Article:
The Natasha Saga - Book 2
Keeghan’s subconscious has played tricks on her in the past, but she’s normally able to control the outcome of her dreams. No such luck with this story. The mystery magnifies when her husband William discovers something else by the eroding sea wall, something that peaks their curiosity even further. Now, Keeghan wants the saga to continue. Drawn into the story more than she was prepared for, she needs answers.
Hope is growing up quickly. She's intelligent, independent, and stubborn. Negative traits inherited from both her parents surface at inconvenient times. Will her beauty help or hinder her?
A tragedy. Stewart is forced to make a decision that will affect his life and the rest of his family. Then, an encounter that changes everything. Is he ready for this? Has Stewart’s past really been left behind? Will history repeat itself? Trust, integrity, and tradition all come into question.
Two months later, Stewart left the crew at the site and rode his mare to the office for a meeting with Hank, his father, and the engineer. The day was breezy, but the gusts became stronger as he travelled. Eager to get to shelter, he urged the mare into a gallop. The blue morning sky turned into thick dark clouds, and strong gusts of wind blew from the east. The rain was light at first but soon increased. He was still two miles from the office when he was forced to lower himself to the horse’s neck as the rain pounded harder and the storm howled around him. It was midday, but he could swear dusk was approaching.
Lightning lit the sky for a brief moment before the thunder boomed. The interval between was the all important indication of the storm’s distance. I’m a fool. I’m heading toward this storm. There was more lightning, but this time it came as a bolt. Chain lightning. Like her Aunt Vicki, Hope hated thunder storms. He was tempted to turn around and go to his daughter’s school, but that would be silly. He had no way to know whether the school was caught up in the same storm. When the thunder boomed instantly and lightning flashing almost simultaneously, Stewart knew he was in the middle of the tempest. The sound was deafening.
“You’re a good girl,” he soothed, rubbing the horse’s neck. “We’re close.”
He was within a few hundred feet of the office. Relief turned to panic when he saw the smoke billowing from the fifteen hundred square foot one level building. It’s on fire! Poppa, Hank, and Thomas!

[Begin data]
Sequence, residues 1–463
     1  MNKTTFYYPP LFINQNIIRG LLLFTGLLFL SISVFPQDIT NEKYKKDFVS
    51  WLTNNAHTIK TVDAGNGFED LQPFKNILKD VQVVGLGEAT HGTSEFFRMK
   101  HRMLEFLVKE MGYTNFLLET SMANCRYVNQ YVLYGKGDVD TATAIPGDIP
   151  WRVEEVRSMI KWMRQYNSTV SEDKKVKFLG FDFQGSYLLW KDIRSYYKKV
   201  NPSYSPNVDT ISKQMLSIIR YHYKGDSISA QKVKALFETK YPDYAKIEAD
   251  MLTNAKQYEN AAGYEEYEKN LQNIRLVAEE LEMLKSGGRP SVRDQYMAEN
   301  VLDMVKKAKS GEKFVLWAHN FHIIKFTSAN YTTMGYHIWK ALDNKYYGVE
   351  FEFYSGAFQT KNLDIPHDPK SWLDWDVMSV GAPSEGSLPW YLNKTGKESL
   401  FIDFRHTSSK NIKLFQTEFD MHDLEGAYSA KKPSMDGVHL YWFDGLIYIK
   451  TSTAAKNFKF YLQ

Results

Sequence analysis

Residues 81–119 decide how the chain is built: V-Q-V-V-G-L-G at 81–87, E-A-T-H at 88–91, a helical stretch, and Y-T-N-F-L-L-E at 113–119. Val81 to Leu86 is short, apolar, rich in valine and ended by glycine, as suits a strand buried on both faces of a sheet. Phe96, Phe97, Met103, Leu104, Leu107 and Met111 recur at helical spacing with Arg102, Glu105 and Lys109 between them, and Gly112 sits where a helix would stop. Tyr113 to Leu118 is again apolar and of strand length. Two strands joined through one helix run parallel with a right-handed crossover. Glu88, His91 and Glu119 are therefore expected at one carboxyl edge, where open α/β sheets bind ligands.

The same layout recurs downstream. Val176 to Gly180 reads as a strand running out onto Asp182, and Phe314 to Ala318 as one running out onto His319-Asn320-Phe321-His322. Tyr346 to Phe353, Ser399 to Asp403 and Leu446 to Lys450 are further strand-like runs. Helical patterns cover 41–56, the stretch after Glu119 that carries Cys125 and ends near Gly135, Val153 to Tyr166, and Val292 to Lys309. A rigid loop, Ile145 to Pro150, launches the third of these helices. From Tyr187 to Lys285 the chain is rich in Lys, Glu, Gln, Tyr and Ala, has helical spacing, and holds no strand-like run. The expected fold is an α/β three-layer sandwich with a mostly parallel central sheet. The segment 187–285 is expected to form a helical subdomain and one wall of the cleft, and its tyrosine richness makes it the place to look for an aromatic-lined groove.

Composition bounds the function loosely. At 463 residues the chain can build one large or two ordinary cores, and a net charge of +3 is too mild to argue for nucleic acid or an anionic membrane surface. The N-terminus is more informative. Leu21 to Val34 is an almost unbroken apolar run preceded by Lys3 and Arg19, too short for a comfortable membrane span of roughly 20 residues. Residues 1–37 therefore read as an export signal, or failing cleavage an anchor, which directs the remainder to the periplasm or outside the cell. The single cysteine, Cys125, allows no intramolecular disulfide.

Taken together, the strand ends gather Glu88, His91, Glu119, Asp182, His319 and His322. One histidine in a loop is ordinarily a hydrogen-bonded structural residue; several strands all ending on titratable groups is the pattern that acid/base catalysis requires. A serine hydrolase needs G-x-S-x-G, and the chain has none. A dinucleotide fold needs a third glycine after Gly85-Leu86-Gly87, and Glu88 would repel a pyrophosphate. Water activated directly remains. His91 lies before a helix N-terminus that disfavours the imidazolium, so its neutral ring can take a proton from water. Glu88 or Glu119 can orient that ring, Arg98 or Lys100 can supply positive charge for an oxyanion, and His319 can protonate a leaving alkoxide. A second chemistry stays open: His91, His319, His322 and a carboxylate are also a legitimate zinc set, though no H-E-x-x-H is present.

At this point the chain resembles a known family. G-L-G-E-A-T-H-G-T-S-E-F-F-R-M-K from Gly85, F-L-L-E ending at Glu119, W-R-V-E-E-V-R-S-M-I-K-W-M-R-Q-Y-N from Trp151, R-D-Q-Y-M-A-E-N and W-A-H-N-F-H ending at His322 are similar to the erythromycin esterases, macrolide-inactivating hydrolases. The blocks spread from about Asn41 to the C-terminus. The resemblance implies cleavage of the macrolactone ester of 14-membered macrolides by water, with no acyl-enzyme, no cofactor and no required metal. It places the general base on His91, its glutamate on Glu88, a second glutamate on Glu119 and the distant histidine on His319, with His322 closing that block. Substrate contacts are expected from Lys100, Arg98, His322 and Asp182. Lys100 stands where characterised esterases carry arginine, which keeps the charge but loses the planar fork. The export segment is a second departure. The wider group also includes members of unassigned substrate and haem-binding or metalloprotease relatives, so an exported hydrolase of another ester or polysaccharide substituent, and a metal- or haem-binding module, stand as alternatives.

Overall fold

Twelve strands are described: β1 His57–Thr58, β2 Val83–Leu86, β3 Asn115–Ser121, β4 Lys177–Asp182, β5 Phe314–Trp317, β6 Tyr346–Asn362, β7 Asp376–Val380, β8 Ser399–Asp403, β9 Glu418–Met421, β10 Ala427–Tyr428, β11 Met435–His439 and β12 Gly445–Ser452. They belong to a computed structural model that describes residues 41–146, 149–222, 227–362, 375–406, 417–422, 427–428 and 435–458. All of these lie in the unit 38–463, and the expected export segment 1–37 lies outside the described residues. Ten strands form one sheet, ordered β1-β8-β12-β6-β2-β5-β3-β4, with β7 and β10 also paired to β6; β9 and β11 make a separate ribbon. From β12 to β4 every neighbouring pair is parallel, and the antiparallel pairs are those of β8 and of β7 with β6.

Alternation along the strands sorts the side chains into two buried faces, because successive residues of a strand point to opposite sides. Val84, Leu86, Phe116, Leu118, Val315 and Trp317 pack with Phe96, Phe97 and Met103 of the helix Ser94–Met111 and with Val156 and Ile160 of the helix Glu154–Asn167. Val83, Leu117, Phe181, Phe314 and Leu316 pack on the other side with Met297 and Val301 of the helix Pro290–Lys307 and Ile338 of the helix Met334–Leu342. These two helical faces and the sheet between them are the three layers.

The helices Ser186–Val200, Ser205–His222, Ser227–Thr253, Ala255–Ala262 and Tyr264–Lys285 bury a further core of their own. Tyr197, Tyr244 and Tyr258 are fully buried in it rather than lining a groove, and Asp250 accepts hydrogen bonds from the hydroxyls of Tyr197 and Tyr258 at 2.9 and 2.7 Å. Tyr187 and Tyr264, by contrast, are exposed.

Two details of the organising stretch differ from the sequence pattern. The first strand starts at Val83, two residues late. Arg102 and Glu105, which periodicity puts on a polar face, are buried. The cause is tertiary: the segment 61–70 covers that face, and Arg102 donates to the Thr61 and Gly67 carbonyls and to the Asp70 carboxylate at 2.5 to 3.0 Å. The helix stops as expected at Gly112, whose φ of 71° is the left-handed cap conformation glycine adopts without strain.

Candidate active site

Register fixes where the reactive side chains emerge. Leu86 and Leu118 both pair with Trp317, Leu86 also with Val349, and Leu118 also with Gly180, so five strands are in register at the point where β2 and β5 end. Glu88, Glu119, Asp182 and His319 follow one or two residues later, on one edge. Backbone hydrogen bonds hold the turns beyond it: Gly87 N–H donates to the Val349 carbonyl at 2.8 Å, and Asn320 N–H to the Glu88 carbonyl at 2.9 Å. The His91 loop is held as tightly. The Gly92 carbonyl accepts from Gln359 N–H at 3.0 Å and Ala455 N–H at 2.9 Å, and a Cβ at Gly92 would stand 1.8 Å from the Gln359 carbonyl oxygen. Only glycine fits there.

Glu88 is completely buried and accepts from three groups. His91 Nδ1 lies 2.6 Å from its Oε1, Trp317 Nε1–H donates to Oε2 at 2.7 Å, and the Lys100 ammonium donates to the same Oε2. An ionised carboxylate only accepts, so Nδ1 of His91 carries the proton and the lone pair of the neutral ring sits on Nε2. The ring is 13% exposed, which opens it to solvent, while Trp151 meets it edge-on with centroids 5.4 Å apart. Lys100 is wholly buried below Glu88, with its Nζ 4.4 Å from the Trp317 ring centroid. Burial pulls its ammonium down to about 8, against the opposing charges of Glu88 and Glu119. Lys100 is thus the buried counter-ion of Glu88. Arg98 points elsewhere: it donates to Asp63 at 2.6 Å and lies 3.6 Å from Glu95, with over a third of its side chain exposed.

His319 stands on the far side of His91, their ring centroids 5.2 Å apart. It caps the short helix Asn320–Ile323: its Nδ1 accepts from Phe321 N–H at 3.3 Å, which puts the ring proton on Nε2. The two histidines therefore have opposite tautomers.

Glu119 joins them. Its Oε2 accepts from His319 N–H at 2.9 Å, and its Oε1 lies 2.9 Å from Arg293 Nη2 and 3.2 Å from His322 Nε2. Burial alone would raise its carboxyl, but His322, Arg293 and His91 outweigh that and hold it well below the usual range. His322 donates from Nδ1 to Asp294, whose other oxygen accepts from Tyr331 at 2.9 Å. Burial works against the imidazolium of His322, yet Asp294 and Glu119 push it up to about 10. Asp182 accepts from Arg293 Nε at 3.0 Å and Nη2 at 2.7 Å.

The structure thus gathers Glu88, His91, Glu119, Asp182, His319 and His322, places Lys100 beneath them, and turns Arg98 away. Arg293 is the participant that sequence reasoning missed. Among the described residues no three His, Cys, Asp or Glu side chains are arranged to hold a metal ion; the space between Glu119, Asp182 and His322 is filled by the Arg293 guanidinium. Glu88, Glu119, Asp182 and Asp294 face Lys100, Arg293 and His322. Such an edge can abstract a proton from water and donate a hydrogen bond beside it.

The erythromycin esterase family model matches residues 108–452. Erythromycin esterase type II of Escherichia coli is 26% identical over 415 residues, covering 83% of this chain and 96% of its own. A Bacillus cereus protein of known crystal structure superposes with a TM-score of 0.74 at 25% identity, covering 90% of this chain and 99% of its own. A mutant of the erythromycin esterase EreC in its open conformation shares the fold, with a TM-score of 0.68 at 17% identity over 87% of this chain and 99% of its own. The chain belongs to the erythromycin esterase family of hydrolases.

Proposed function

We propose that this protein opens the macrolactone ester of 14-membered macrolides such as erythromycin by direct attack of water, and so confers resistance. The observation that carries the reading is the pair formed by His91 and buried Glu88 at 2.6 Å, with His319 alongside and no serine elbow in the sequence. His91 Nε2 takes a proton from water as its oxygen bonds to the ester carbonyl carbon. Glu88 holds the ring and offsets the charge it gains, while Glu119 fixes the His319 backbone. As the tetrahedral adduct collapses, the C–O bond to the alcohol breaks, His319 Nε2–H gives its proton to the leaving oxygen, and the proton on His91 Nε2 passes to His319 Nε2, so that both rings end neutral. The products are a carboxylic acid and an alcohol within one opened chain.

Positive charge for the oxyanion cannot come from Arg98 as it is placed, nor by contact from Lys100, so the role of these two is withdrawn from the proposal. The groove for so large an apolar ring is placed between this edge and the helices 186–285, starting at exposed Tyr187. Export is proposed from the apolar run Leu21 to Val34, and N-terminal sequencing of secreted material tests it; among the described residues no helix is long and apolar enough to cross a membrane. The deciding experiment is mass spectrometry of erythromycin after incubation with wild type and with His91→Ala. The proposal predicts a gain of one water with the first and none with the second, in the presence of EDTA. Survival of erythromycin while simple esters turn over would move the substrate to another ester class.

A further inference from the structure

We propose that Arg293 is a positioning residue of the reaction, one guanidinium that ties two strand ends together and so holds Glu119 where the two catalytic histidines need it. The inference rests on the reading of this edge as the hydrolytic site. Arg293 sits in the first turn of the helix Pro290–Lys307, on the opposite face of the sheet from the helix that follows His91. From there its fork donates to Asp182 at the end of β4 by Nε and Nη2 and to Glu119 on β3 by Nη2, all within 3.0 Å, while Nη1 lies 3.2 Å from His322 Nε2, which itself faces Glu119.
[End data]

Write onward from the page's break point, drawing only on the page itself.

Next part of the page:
“Whoa,” he ordered. Stewart flung himself from the horse and quickly looped the rein around a fence post. He ran toward the building, yelling for his father. Nothing. There wasn’t a sound. I lost Natasha. I can’t lose Poppa. “Poppa!” he bellowed.
He ran past the shed. Three horses.They wouldn’t leave without their horses. They’re in the building. He darted toward the door, flinching as the heat shattered the windows. Stepping to the opening, visibility was worse than he expected. He could barely see a few feet ahead, but his father was somewhere inside. Stewart inhaled the fresh, moist air as deeply as his lungs would allow and stepped inside. He knew the building well. He and Thomas spent hours there, reviewing and adjusting calculations for accuracy. Four rooms. The front office, where the bookkeeper worked part-time, the meeting room where Hank sat with potential clients, Hank’s office, and then the warehouse where stock, supplies, and tools were kept. The men would be in one of the last two rooms.
Working his way forward, the thick smoke made it almost impossible to see. Stewart rushed past the reception area toward the meeting room, heedless of the danger. There was something on the floor. A piece of furniture? It was hard to tell. He bent down and felt around blindly. It wasn’t something, but someone. Still holding his breath, he was afraid to speak. His eyes itched and watered in the smoky atmosphere.
Leaning even lower, he recognized his father’s face. First euphoria and then fear strangled his heart. He gripped his father under the arms and began pulling him toward the door. Willard wasn’t a small man. He was Stewart’s height but heavy with muscle from years of manual labour. Groaning with each small tug, he inched his burden toward the door. The dead weight and lack of breathable air cramped his muscles, and his chest burned. With another tug, his back spasmed and his grip loosened. Father in Heaven, I will not die in this building. Hope lost her momma. She will not lose her poppa and papa.